After challenging the Red Sox for the division title in 2016, the Toronto Blue Jays suffered a complete offensive collapse in 2017. It’s not like we could see this coming. The team allowed first baseman Edwin Encarnacion to walk, signing with the Cleveland Indians. They retained clubhouse leader Jose Bautista dispute obvious signs of a major decline. Shortstop Troy Tulowitzki, while relatively healthy in 2016, had failed to live up to his contract. Finally, the team failed to add any offensive firepower to retool for the 2017 season.
Toronto finished fourth in their division and was fortunate enough to finish one game ahead of Baltimore and Oakland as the fifth worst team in the American League. The online odds at WillHill don’t give much hope for the team returning to prominence in 2018, but there is a light at the end of the tunnel. The Blue Jays have a number of highly touted prospects who could make an impact soon, and the team will have some much-needed payroll relief over the next two seasons.
3B: Vladimir Guerrero Jr.
Guerrero is the son of legendary hitter, and future hall of famer, Vladimir Guerrero – no pressure following in those footsteps, right? You would think at just 18 years of age he would be years away, but that isn’t the case. Guerrero finished the season in Class-A Advanced and should begin the 2018 season in Double-A. He batted .323 across two levels this year with a double-digit walk rate which was a few ticks better than his strikeout rate (he inherited his father’s eye). The power is a work in progress, but 13 (along with 28 doubles) in his first full season show promise. He doesn’t have his dads speed, but he has enough combined with intelligence that 10-12 could be an annual thing.
Standing in the way at third base is the powerful Josh Donaldson. Donaldson is under contract through 2018, and his production in 2018 will dictate whether or not the Jays will bring him back. He will only be 32 years old in December, and unlike some of his older, and more expensive teammates, Tulowitzki and Bautista, there is still life in his bat. If the Jays do resign Donaldson, Guerrero could move to the outfield or more likely first base given his size. Regardless, he is a future .300/30 hitter and a future staple for this team.
SS: Bo Bichette
Another second generation player: the son of professional hitter Dante Bichette finished the season at Class-A Advanced, and could very well reach Triple-A by the end of the 2018 season. Bichette led the minors with a .362 batting average and showed an advanced approach, striking out just under 17% coupled with a solid walk rate. He has some speed to him, swiping 22 bases in 29 attempts. The power is still developing (he turns 20 in March), yet he still managed 14 long-balls in his first full season. Defensively he should be able to handle the shortstop position, and his strong batting eye and balance batted ball profile should solidify his presence at the plate.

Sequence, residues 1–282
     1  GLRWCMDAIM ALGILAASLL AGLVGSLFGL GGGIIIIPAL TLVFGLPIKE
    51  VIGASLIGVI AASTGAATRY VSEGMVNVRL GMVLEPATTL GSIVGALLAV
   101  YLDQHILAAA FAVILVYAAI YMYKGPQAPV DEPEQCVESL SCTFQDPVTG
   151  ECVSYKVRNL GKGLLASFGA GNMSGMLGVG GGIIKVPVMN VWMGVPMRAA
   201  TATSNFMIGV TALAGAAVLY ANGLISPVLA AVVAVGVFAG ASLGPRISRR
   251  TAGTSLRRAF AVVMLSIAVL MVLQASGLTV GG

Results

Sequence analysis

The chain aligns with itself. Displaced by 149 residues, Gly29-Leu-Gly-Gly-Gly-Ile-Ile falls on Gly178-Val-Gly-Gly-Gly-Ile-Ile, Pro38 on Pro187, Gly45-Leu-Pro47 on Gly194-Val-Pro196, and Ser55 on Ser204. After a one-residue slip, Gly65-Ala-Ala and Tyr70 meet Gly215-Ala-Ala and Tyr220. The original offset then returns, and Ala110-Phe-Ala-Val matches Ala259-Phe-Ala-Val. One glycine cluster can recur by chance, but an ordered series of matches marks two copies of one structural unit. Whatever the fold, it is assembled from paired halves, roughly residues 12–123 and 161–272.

Standing in the way at shortstop is the DL poster boy for this century, Troy Tulowitzki. The 33-year-old still has three-years left on his contract as the club, and it is doubtful they will sign off on his 2021 club option and opt for the $4-million dollar buyout. Given his injury riddled past I expect the team to move him to designated hitter once Bichette is ready for prime time. A shift over to second base is also an option.
CF: Anthony Alford
Alford is a little behind development wise despite being 23 years of age. While he was signed by the Blue Jays in 2012, he played a total of 25 games due to his college football commitment. He also missed a good chuck of time in 2016 due to injuries.
That being said; Alford does possess raw power and home run power despite what we’ve seen. Without the power he is a plus defender with speed, solid hit tools, a patient batting eye, and this year he showed big improvements in the strikeout department. He has 20 stolen base potential, and if the power develops as expected we could be looking at a 20/20/.290 player.
There are several other promising youngsters in the Toronto system; 2017 first round pick Logan Warmoth comes to mind, but the above three players represent the building blocks for a future generation. Both Guerrero and Bichette are must own players for keeper and dynasty leagues too – as is Alford, but not as prominent.
If the Blue Jays are smart they will opt for the 500K buyout of Jose Bautista this year. They have two years and $40 million committed to catcher Russell Martin, another $13-Million to Marco Estrada in 2018 (the same money J.A. Happ will get), and $23-Million (which is not a lot) to Kendrys Morales. That, along with Tulowitzki and Donaldson, represents the bulk of the Blue Jays payroll – most of which will be shed by the end of the 2019 season.
With a potential young core and salary cap relief at the end of the tunnel, we could see the Jays go all in on a few sluggers this year such as Eric Hosmer or J.D. Martinez. If they miss out they can choose between resigning Donaldson in 2018 or pursuing Manny Machado, as well as the crown jewel of the free agent class, Bryce Harper.
A few big name veterans combined with this young core could once again strike fear into the pitchers facing them as they have in years past. Prospects and salaries are aligned to make this happen. With free agency signing right around the corner we will soon know which direction the team will go.
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